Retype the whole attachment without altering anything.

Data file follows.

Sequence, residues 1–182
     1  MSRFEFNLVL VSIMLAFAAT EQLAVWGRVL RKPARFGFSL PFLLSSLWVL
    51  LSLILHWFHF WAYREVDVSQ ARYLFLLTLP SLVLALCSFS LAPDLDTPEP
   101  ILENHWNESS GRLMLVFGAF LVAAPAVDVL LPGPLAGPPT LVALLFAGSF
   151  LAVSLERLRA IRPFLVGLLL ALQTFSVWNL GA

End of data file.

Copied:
Sequence, residues 1–182
     1  MSRFEFNLVL VSIMLAFAAT EQLAVWGRVL RKPARFGFSL PFLLSSLWVL
    51  LSLILHWFHF WAYREVDVSQ ARYLFLLTLP SLVLALCSFS LAPDLDTPEP
   101  ILENHWNESS GRLMLVFGAF LVAAPAVDVL LPGPLAGPPT LVALLFAGSF
   151  LAVSLERLRA IRPFLVGLLL ALQTFSVWNL GA